According to a new study, consumers in the United Kingdom are using credit cards less frequently, opting to make purchases with cash and debit cards.
The British Retail Consortium recently released a study based on 2009-2010 payment trends. The study found that credit card usage declined by 12.9 percent while debit card transactions rose by 15.8 percent, according to the BBC.
The study showed that the number of cash transactions decreased although the amount spent in cash transactions increased by 13 percent. Cash was used for more than half of all retail payments.
“Hard-pressed customers are switching to cash and debit cards for the reassurance that they can’t spend what they haven’t got,” BRC Director General Stephen Robertson said, according to the BBC.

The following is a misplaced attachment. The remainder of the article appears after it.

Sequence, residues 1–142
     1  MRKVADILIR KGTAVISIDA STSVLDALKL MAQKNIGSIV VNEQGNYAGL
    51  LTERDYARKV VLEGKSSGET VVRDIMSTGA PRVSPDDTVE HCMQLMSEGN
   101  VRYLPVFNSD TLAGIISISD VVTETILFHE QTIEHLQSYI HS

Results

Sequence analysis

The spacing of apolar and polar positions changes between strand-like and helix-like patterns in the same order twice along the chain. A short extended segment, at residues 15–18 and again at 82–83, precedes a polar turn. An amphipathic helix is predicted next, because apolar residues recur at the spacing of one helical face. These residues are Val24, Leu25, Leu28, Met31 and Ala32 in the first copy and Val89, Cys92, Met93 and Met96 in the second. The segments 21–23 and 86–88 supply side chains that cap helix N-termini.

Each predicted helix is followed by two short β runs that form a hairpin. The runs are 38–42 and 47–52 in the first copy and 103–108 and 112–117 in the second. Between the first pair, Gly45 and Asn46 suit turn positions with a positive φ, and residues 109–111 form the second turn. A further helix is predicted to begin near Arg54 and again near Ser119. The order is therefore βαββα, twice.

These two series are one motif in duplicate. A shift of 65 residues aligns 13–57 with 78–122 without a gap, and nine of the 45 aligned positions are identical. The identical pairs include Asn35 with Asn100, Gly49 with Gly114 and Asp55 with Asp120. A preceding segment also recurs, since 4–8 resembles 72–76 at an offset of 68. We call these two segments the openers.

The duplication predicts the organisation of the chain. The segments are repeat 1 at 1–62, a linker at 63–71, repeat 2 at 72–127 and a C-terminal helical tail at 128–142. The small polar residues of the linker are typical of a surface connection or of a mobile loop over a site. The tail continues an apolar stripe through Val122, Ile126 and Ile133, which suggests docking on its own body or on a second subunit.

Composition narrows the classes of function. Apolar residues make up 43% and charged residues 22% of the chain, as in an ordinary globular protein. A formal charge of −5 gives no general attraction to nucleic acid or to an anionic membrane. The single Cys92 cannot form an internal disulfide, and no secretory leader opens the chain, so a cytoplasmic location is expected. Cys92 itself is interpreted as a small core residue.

Retailers’ investments in technology such as secure card readers, internet security and note checkers at tills appear to be paying off as there was a 37 percent drop in fraud losses, the BBC reports.
Credit cards are used in only 10 percent of transactions but account for a staggering 44.5 percent of retailers’ costs the report revealed.
The British Retail Consortium represents 90 percent of the U.K.’s stores. Its annual Cost of Payment Collection survey includes results from approximately eight billion transactions, both in stores and online, accounting for 60 percent of the U.K.’s annual retail sales.